When Female Fliers Proved They Were More Than Powder Puffs


IN THE 1920s, when civilian aviation was organizing itself and aviators were setting benchmark upon benchmark, air races were a popular spectator sport. The All Women’s Air Derby, as it was known officially, drew crowds to see and meet record setters, nonconformists, and all bands between. At the extremes flew unassuming Amelia Earhart, a demure daredevil from Atchison, Kansas, and bohemian Florence “Pancho” Barnes, a Union Army balloonist’s granddaughter who declared, “Flying makes me feel like a sex maniac in a whorehouse with a stack of $20 bills.” Endurance flier Evelyn “Bobbi” Trout was known for flying by night—and living to tell the tale. Ruth Elder financed flying lessons with her beauty contest winnings. Feminist Opal Kunz’s husband, George, was chief mineralogist at Tiffany’s and well able to keep her in planes. Blanche Noyes flew for the air mail service. Stylish Alabamian Ruth Elder had failed in 1927 to become the first woman to fly from Long Island to Paris, France (she was forced to ditch in the Atlantic), but the attempt had earned her dinner at the White House and a Manhattan ticker tape parade. These and fellow competitors—pint-size Vera Dawn Walker, banker’s daughter Neva Paris, test pilot’s wife Claire Mae Fahy, and more—took off from Clover Field—now Santa Monica, California, Municipal Airport—on August 19, 1929, aiming to log the fewest air hours reaching Cleveland, Ohio. That nine-day journey killed one racer, made the survivors famous, and signaled American women’s full-fledged entry into aviation.

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When Female Fliers Proved They Were More Than Powder Puffs

Women in Transportation History – Raye J. Montague, US Navy Computer Programmer, Ship Designer — Transportation History


In the spirit of the female African-American mathematicians whose efforts to strengthen and advance the U.S. space program despite discrimination are depicted in the movie Hidden Figures, Raye Jean Jordan Montague played an important if often overlooked pioneering role when it came to military seacraft. Montague, who was born in Little Rock, Arkansas, in 1935, […]

via Women in Transportation History – Raye J. Montague, US Navy Computer Programmer, Ship Designer — Transportation History

Women in Transportation History: Neta Snook Southern, Pilot — Transportation History


Aviation pioneer Neta Snook Southern was born in the city of Mount Carroll Illinois, in 1896. While best known for teaching Amelia Earhart how to fly, Southern also left behind a legacy of several other noteworthy aviation achievements. Southern graduated from Shimer School (now Shimer College) in Chicago in 1912. Three years later, she enrolled […]

via Women in Transportation History: Neta Snook Southern, Pilot — Transportation History

America’s First Lady of the Air


I was annoyed from the start by the attitude of doubt by the spectators that I would never really make the flight. This attitude made me more determined than ever to succeed.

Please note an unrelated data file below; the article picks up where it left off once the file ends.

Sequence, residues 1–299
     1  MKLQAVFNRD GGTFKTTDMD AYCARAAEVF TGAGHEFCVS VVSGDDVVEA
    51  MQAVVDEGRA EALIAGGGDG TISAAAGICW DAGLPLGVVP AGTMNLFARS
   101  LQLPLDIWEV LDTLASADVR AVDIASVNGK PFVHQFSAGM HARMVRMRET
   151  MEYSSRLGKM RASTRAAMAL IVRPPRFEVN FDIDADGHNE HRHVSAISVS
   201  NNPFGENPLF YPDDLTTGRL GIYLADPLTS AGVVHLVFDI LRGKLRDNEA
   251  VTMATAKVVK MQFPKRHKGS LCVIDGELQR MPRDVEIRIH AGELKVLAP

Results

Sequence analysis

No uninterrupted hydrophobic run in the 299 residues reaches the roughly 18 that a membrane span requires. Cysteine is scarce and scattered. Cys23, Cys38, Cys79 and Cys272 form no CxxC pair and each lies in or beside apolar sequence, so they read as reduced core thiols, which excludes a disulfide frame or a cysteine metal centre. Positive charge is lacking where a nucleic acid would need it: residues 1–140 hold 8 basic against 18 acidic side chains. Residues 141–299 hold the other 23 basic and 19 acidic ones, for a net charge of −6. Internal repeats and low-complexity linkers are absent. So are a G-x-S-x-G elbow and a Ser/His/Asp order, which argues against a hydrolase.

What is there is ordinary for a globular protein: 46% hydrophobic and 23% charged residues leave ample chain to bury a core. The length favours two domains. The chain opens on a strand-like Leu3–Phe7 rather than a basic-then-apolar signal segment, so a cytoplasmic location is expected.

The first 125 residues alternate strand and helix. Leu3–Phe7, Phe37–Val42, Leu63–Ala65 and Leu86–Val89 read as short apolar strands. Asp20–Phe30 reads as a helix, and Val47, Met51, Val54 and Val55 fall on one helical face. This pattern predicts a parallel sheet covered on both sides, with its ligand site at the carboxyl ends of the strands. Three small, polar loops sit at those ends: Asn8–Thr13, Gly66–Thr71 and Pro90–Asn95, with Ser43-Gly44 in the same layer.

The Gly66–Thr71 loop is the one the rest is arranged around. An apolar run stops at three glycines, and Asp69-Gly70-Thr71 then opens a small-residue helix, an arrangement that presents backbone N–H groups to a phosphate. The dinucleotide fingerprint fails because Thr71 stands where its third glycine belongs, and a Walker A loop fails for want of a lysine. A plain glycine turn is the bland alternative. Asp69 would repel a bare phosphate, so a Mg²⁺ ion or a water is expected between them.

— Harriet Quimby, just prior to her flight across the English Channel, 1912.

[Harriet Quimby, full-length portrait, standing, in aviation costume]

Photo Courtesy: Library of Congress

 Links:

Harriet Quimby

Indian Women Pilots


Women in Aviation

March is Women in History month and also Women of Aviation month. As I started to write this article, I realized I knew so little about women pilots of India. Even less who the first woman was to have taken flight.

There is a lot of misinformation about who the first women pilot of India was. Some sites (including wikipedia and IWPA) attribute this to Sarla Thakral while others claim it is Urmila Parikh. Based on the dates and veracity of the source,  it appears Urmila Parikh was the first women pilot of India. She obtained her license in 1932 while Sarla Sharma ne` Thakral obtained it in 1936.

The first woman to obtain her commercial pilot’s license was Prem Thakur in 1948. She later started flying for Deccan Airlines. In 1956, Durba Bannerjee became the first woman inducted into the Indian Airlines and in 1990, Nivedita Bhasin became the youngest woman to command a jet at the age of 26. She was also the first woman check pilot for A300. The first Indian woman to obtain an FAA pilot’s license in 1967 was Chanda Buddhabatti, who started the Indian Women Pilots Association.

It was interesting to learn that the growth of women pilots in India is happening faster than the rest of the world. About 11.6% of the pilots in India are women. The last five years, almost 14.7% of the commercial licenses’ issued were issued to women. More than 48% of the workforce in airline industry is composed of women.

  • India currently has 586 women pilots out of a total of 5050 pilots in the country
  • Of whom 187 are commanders. Globally there are 480 women commanders.
  • Of whom 399 are co-pilots.

Unfortunately, India still has no general aviation presence.

Links:

Press Information Bureau, Government of India
Chandigarh Tribune
Wikipedia
Indian women pilots soar past global average
Indian Women Pilots Association